For the half-year to 31 December 2014, the IPKat's regular team is supplemented by contributions from guest bloggers Rebecca Gulbul, Lucas Michels and Marie-Andrée Weiss.

Regular round-ups of the previous week's blogposts are kindly compiled by Alberto Bellan.

Wednesday, 25 May 2005

GO FOR IT, GOOGLE

This, from the BBC: the Association of American University Presses (AAUP), which represents 125 non-profit-making academic book and journal publishers, has accused Google of infringing copyright if it puts university libraries online. This will, the AAUP claims, have financially troubling consequences and could undermine sales of works in which publishers own the rights.

Last December Google announced deals with four leading universities, Oxford, Harvard, Stanford and Michigan. At a cost of $200m (£110m) Google aims to put 15 million volumes online from four top US libraries by 2015. It will also scan in out-of-copyright books from the UK's Oxford University. The idea is to make millions of important but previously inaccessible texts available to researchers everywhere.

The AAUP seeks clarification of 16 questions and claims the book-scanning scheme "appears to involve systematic infringement of copyright on a massive scale". Its members, who depend on book sales and other licensing agreements for the majority of their revenue, are worried that if users can get the information they want from its books by searching them online, they won't buy them. Further opposition has come from France, where there are fears that the Google project will enhance the dominance of the English language and of Anglo-Saxon ways of thinking. France and several other European countries recently got European Union backing for a separate book-scanning project for works not in English.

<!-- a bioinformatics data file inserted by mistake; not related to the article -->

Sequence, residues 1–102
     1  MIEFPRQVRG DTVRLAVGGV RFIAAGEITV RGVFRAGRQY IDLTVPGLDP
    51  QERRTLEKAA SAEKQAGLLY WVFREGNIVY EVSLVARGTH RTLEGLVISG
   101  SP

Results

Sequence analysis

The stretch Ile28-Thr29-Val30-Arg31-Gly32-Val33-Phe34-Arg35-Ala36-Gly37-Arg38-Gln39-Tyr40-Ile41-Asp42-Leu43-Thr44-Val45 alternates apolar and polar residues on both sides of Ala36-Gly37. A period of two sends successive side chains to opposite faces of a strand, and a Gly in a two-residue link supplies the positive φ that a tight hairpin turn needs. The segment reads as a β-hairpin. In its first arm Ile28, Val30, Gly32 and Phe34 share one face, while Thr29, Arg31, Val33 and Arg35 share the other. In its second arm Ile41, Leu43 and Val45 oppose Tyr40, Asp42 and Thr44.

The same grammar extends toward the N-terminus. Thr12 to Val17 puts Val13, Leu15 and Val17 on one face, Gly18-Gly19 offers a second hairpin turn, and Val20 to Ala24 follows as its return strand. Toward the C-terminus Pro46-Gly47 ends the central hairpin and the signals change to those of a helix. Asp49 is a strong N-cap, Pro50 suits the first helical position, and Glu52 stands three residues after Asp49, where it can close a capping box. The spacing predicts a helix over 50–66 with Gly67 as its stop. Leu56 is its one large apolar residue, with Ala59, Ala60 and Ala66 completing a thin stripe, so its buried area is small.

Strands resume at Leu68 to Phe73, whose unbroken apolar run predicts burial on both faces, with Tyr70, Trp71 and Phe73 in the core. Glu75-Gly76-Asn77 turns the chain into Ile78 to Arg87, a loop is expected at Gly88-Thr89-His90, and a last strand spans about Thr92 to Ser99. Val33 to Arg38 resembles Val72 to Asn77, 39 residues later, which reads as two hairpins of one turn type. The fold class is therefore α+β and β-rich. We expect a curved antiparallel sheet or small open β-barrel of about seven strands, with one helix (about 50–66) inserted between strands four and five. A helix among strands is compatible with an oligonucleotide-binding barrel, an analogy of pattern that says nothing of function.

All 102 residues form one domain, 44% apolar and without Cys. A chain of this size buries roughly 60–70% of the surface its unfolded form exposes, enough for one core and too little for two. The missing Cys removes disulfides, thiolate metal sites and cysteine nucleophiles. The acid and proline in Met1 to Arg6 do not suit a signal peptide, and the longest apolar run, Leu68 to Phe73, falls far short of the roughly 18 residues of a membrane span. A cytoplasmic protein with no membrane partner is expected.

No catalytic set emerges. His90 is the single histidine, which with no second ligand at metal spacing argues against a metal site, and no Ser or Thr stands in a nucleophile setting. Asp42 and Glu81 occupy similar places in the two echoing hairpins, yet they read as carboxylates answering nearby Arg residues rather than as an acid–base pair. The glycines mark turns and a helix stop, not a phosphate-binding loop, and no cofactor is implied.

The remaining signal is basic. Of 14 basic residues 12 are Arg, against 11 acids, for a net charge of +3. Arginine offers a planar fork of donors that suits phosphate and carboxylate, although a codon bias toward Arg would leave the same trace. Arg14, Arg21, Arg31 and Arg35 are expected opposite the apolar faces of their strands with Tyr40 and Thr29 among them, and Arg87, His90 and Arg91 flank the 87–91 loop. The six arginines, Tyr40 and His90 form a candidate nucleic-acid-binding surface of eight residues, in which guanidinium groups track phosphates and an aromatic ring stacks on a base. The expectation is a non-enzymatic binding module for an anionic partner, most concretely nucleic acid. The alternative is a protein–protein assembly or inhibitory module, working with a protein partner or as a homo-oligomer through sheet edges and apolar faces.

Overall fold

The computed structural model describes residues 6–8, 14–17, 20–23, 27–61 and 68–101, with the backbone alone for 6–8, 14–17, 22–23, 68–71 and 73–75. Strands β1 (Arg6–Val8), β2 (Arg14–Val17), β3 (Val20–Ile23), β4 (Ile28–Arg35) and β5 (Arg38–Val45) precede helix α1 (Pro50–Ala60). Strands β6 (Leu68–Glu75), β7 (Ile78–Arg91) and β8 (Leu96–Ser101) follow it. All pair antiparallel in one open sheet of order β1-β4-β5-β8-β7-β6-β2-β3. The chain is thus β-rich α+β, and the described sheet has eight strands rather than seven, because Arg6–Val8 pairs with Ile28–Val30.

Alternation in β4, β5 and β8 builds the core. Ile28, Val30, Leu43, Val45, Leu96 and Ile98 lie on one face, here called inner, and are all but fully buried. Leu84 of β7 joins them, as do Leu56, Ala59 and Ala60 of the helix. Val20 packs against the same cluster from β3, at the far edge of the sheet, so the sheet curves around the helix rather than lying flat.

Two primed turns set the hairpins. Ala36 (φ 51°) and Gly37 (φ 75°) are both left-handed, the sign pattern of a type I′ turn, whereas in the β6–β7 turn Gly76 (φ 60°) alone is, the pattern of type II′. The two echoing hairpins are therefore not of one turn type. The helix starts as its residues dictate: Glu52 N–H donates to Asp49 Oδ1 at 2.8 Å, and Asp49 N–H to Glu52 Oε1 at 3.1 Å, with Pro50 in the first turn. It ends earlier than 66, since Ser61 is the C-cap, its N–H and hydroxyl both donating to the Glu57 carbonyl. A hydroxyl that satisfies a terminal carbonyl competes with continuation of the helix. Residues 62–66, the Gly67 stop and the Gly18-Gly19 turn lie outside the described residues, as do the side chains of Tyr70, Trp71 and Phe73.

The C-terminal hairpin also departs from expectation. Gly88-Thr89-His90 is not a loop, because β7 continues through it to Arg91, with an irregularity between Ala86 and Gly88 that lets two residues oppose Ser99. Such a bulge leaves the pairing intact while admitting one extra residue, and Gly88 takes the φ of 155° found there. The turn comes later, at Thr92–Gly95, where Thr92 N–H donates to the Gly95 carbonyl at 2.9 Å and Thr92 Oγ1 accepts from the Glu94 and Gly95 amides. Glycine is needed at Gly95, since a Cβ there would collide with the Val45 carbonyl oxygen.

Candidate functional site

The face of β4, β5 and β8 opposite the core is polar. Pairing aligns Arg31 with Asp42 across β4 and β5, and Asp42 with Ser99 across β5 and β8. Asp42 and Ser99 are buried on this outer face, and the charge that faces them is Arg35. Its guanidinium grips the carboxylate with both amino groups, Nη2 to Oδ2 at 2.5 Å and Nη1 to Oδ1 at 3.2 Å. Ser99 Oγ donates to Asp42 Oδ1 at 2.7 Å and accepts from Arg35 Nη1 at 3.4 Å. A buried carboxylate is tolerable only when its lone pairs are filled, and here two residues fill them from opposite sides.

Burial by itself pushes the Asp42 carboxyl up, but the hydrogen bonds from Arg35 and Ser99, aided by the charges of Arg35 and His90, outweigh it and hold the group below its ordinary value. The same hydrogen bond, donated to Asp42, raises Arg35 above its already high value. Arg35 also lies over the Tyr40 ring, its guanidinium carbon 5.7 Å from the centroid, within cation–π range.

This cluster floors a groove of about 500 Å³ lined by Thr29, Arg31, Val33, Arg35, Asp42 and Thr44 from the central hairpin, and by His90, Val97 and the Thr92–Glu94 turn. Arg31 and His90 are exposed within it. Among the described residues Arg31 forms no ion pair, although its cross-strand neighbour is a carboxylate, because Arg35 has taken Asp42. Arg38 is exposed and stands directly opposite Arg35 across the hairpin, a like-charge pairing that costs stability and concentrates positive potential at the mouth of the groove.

The IPKat is delighted at Google's plan, having suffered enough at the hands of several publishers and librarians over the years. Merpel's pleased too: she recalls how the introduction of printing threw 30,000 scribes out of work in Venice alone, and remembers the squeals of outrage from English publishers when copyright was introduced in 1710 in the Act of Anne. No-one has a divine right to make money out of books that are out of copyright anyway.

Greedy publishers here
The Act of Anne 1710 here

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